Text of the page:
When Charles Godfrey Leland published Aradia or the Gospel of the Witches at the end of the nineteenth century as the crowning product of his Italian researches of the 1880s and 1890s, he believed he was preserving what remained of an ancient but dying tradition before it was too late.


Over the years, a number of authors, scholars and pagans alike, have gone back to Aradia and attempted to clarify or expand on the material Leland presented. Many of them (most?) were not Italian, or even versed in that language, making any translation or understanding by them immediately suspect.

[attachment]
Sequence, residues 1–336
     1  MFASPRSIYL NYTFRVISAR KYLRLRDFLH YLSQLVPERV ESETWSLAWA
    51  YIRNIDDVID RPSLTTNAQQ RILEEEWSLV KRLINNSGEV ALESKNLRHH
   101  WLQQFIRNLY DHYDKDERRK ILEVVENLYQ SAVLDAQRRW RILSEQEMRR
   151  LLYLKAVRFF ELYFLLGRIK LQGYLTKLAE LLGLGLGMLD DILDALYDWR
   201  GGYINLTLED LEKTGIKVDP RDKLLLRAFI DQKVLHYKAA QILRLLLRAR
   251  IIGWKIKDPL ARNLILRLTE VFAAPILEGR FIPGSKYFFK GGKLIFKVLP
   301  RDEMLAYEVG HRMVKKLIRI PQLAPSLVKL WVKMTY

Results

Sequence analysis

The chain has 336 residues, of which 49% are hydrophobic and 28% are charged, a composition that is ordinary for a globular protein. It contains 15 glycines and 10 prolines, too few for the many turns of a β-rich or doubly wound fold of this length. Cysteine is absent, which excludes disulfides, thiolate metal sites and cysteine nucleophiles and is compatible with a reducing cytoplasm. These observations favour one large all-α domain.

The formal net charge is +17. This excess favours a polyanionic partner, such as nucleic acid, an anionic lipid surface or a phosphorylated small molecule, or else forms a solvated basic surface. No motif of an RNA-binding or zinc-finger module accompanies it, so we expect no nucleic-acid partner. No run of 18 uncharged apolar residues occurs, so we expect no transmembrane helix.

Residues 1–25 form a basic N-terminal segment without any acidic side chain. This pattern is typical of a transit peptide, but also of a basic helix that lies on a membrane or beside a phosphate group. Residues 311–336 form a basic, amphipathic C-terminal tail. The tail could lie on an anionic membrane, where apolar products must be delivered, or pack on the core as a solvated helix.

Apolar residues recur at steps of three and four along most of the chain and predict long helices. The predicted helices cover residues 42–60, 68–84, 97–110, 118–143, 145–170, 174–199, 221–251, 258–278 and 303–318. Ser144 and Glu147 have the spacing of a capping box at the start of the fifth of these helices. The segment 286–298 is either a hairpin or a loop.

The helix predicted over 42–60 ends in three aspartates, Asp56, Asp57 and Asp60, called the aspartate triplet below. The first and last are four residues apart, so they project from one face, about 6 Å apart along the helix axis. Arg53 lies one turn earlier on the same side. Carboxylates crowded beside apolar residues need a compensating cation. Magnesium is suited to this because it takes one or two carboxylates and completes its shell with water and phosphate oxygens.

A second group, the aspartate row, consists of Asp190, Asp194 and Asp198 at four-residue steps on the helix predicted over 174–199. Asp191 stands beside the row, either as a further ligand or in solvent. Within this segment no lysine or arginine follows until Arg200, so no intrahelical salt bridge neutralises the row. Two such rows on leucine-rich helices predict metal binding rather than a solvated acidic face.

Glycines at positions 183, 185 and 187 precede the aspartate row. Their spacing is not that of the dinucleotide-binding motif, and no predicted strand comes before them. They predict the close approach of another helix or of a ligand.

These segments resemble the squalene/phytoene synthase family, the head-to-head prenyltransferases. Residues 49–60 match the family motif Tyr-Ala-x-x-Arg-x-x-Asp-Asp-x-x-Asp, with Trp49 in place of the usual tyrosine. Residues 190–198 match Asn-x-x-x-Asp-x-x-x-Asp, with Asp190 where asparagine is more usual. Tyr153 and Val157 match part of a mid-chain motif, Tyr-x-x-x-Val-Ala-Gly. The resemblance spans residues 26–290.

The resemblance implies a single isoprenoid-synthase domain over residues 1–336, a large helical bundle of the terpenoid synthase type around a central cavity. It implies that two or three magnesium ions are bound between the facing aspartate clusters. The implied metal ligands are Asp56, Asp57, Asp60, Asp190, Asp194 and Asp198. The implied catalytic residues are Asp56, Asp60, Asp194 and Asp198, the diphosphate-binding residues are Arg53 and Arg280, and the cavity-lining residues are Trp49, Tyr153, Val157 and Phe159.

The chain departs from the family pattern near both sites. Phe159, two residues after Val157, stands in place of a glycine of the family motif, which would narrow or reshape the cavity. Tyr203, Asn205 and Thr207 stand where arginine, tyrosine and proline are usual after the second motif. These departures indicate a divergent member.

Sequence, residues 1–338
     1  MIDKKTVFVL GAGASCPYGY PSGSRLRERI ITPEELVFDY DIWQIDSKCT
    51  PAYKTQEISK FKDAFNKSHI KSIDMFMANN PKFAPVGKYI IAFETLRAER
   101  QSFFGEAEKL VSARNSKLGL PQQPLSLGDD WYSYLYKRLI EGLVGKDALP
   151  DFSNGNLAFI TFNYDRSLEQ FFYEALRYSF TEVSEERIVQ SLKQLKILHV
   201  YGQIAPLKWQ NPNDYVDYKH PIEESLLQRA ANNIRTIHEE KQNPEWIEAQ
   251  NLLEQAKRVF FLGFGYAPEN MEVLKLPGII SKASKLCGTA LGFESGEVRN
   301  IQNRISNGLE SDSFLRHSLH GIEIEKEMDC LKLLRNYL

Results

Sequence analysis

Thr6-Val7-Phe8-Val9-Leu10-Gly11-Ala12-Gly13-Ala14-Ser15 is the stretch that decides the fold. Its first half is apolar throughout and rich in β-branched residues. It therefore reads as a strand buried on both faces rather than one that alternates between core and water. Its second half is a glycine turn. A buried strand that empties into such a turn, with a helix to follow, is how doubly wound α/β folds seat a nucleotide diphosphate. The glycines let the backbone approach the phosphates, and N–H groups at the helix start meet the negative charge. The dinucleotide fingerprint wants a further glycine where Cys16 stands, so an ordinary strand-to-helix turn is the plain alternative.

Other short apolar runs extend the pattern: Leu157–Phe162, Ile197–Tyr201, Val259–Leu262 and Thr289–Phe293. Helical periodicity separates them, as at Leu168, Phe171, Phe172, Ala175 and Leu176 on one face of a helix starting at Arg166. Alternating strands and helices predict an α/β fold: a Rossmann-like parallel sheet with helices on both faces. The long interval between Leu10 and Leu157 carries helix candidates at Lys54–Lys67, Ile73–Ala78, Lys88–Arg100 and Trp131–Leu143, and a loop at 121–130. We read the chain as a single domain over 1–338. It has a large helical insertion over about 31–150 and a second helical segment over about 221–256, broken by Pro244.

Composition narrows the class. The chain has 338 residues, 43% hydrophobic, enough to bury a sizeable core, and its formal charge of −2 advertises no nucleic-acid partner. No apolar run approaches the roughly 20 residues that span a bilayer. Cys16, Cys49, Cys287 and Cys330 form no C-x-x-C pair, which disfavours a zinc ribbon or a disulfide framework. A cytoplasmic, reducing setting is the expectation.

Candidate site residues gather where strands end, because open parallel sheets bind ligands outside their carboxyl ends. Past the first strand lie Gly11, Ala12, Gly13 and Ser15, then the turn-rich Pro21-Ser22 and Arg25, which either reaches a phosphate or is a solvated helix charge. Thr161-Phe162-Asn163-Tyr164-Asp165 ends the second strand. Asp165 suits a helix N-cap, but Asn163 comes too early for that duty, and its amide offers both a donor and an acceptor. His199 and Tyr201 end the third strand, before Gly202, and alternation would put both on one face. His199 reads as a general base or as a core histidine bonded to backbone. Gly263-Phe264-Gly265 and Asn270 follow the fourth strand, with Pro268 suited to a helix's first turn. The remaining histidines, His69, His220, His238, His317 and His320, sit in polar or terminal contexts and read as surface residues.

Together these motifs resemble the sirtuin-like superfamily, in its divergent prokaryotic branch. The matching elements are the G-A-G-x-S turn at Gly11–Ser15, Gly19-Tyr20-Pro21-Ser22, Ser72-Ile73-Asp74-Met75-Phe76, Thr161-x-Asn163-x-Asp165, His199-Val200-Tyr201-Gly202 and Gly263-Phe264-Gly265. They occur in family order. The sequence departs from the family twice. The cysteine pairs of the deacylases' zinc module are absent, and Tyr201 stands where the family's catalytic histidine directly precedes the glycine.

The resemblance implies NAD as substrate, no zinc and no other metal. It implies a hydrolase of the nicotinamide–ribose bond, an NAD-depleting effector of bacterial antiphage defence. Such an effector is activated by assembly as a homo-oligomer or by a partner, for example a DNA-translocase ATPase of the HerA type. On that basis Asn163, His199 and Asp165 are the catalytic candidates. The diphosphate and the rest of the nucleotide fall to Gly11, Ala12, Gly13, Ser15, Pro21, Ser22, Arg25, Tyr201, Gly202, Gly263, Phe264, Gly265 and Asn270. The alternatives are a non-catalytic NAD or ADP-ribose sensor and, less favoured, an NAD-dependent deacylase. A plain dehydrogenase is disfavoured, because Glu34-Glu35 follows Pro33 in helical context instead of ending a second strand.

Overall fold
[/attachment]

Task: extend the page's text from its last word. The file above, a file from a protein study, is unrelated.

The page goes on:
Finally we have a new translation of this 120-year old book, one that ignores the question “Is the material factual?” in favor of cleaning up the inaccuracies in the text (likely from translation errors) and providing commentary that clarifies what might be meant in terms of the authors’ personal knowledge of Italian culture and superstitions in practice even today.


This is a very well-done, exhaustively annotated, scholarly work. Highly recommended.


~review by Lisa Mc Sherry


Author: Patricia Della-Piana, 2009

pp. 269, $25 (print) $7 (download)